Realtime captioning listed as one of several ways museums can serve disabled visitors

An article posted July 30 by The Sentinel, Carlisle, Pa., noted that realtime captioning is just one of several ways museums can assist visitors who are deaf or hard of hearing, and notes that the 9/11 Museum and Memorial and the Metropolitan Museum of Art in New York offer this service.

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Red Bulls score with scoreboard closed-captioning initiative

The Jersey Journal reported on Aug. 4, that the New York Red Bulls, the major league soccer team, is now using closed-captioning on the scoreboard of its Arena in Harrison, N.J.

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STUDENT PERSPECTIVE: Six Students Shadow Captioners During HLAA Conference

By Deanna P. Baker

Student captioners at 2018 HLAA

Six students, all from Anoka Technical College, attended the Hearing Loss Association of America (HLAA) conference I was captioning to learn more about the practice of captioning. It was wonderful to get to know this group of students. I had captioned this event for 25 years in a row, and I loved sharing my experience with the students that came out those days.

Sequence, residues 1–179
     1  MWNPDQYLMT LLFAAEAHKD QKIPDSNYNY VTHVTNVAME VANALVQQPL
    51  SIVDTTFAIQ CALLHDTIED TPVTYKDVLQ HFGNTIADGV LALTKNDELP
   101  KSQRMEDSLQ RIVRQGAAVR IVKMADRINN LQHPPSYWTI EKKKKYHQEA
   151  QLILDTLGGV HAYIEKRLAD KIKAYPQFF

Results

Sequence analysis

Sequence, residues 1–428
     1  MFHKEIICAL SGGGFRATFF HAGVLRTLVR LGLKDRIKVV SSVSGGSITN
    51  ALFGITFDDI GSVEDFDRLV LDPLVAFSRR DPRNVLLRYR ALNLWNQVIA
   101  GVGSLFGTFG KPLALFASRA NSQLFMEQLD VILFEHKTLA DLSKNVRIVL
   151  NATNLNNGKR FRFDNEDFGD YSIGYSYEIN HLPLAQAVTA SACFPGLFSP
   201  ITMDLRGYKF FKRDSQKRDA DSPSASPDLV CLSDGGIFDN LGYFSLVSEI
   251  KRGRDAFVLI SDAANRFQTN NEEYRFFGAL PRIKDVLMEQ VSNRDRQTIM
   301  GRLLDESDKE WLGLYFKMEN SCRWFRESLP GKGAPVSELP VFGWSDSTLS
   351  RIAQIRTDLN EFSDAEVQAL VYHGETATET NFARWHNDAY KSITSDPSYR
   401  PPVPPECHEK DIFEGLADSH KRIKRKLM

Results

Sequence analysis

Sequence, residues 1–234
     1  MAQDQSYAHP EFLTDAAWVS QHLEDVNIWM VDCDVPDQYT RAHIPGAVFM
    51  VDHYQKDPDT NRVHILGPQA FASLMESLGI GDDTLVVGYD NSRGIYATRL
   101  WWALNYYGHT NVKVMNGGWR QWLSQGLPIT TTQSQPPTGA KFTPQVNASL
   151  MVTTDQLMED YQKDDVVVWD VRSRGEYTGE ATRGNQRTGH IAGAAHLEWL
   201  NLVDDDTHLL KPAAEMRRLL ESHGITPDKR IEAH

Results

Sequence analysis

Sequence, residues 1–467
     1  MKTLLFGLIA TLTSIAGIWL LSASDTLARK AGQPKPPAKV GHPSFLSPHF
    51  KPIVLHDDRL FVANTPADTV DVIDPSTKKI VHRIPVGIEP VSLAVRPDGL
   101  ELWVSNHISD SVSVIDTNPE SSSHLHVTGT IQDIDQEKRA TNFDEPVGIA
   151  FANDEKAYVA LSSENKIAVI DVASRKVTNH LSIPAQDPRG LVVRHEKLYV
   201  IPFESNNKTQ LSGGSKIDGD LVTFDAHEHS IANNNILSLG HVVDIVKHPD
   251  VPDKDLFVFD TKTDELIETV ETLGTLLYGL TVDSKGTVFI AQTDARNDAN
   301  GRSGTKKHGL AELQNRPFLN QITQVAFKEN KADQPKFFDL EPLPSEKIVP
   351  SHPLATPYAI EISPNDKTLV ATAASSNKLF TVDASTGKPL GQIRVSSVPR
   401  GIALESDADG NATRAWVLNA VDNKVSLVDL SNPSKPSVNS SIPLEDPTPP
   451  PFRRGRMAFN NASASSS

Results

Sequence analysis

Since the HLAA conference was held in Minneapolis, Minn., two of the local captioners on the team, Angie Sundell, RMR, CRR, CRC, and Lisa Richardson, RPR, CRR, CRC, who are also on the advisory board of Anoka College, worked with Anoka Tech reporting instructor Jennifer Sati, RMR, CRR, CRC, CRI, to invite local students to shadow at the annual HLAA conference. We thought it was a great chance for the students to write some sessions – for their own personal benefit – and see CART captioners and their team at work. And several of them really jumped at the opportunity.

The captioning team for the 2018 HLAA Conference: back row: Megan Stumm, Angie Sundell, Lisa Richardson, Lori Morrow, and Whitney Riley; Front row: Kristi Artzen, Lisa Johnston, Deanna Baker, Lori Yeager Stavropoulos, and Sharon Vivian. (Not pictured: Jayne Carriker)